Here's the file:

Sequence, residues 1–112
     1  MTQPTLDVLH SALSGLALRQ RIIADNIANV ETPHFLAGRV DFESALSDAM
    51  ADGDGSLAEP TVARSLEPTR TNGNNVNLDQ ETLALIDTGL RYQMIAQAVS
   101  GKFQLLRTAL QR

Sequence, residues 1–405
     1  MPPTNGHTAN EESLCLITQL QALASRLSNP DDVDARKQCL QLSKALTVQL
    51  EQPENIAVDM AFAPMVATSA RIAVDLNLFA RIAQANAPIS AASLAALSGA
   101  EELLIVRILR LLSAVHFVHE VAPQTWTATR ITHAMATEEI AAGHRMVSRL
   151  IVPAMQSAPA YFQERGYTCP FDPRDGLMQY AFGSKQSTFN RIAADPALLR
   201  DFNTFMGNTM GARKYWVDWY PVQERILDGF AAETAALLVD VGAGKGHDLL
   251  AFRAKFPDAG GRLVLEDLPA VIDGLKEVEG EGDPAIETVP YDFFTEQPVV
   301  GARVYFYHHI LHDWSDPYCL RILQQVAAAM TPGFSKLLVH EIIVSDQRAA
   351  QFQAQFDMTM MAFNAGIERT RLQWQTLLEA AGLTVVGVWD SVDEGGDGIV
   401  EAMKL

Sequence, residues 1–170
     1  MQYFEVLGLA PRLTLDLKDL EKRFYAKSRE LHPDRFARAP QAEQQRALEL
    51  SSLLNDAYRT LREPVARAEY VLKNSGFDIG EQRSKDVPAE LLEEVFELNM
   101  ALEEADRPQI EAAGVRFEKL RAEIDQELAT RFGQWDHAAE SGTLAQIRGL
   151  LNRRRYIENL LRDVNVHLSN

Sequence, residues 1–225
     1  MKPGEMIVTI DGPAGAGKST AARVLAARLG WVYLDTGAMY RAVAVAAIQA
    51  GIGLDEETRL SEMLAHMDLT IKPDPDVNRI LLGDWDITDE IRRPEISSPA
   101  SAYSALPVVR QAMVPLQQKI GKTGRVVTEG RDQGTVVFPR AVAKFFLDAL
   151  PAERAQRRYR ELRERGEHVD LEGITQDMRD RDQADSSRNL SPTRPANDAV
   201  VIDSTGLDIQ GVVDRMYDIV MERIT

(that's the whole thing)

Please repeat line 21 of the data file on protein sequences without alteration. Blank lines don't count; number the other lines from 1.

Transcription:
     1  MKPGEMIVTI DGPAGAGKST AARVLAARLG WVYLDTGAMY RAVAVAAIQA